• The asset approach. Your businesses' assets, accounts receivable, and brand value is combined to get a total value. Determining a brand's value in the public eye is difficult and normally requires industry professionals' input.
  • The market approach. The market approach is probably the simplest option. A lawyer or accountant looks at the recent sale of companies similar in size and industry to yours and calculates a value. If your company is unique or one of a kind in its industry, then the market approach is inappropriate.
  • The income approach. An attorney and accountant compile your tax returns, profit-and-loss statements, accounts receivable, and existing customer contracts to determine your company's current and potential value.

 

What Options Exist For Dividing A Business In Divorce?

 

Many business owners learn that any litigation involving the company is usually bad for business. After establishing the company's value, attorneys will urge both parties to negotiate a settlement rather than letting the process drag out in litigation. Standard settlement options include:

 

  • Buy out the other party. If the other party lacks liquidy, they secure outside financing or take out a loan.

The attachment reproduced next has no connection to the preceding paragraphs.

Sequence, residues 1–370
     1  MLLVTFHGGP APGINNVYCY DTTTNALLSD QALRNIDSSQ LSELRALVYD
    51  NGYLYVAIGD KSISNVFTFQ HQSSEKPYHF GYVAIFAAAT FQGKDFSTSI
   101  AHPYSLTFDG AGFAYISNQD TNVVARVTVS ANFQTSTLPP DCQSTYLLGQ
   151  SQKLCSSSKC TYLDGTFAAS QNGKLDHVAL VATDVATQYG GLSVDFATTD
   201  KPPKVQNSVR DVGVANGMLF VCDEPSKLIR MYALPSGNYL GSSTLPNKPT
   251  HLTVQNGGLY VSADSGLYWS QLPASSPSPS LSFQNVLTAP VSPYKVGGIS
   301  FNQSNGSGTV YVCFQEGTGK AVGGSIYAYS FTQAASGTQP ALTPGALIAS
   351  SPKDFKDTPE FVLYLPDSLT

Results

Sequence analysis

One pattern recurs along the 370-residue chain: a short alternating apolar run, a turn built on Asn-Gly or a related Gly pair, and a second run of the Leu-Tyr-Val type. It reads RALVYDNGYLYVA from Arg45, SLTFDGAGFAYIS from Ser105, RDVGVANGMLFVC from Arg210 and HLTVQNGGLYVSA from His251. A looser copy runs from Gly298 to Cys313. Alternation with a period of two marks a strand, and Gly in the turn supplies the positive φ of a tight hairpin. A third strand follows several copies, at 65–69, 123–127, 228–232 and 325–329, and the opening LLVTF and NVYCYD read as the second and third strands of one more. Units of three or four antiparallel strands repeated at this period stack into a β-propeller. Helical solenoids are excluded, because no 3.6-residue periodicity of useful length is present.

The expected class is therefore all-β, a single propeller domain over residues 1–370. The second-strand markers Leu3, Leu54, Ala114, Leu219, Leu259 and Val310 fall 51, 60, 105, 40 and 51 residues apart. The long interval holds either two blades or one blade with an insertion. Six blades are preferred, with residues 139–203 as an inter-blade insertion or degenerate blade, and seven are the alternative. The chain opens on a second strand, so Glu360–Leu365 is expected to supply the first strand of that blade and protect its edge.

• Co-ownership. Co-ownership is an option only if the divorcing couple can maintain a civilized working relationship.
  • Sell the business and split the proceeds. While this option may leave both parties with the most accurate representation of their share, it will dissolve the corporation.

 

How Can I Keep My Business Legally Separate From My Marriage?

 

Good luck. In all seriousness, keeping a business separate legally from your spouse is very difficult. Here are a few ways to avoid being forced to divide your company in divorce:

 

  • Have your spouse sign a postnuptial agreement. A postnuptial agreement concerning your business would indicate that your spouse has no interest in the businesses' valuation, splitting business-related assets, and dealing with litigation. However, a postnuptial agreement doesn't mean that the business's income isn't factored into the settlement negotiations.
  • Sign a prenuptial agreement. The agreement would stipulate that the business is entirely separate from the marriage. No matter what happens during the marriage, the company will not be included when dividing marital property.
  • Set up an ownership structure that handles divorce. Companies with multiple partners are increasingly drafting ownership agreements that address divorce. Many have a first right of refusal clause that allows the other owners to buy out the partner, blocking any ownership shifting to the spouse.

 

If you fail to legally separate your business from your spouse at the outset, it becomes nearly impossible to argue that the business remained apart from the marriage, especially if you have been married for many years.


Posted 
March 5, 2021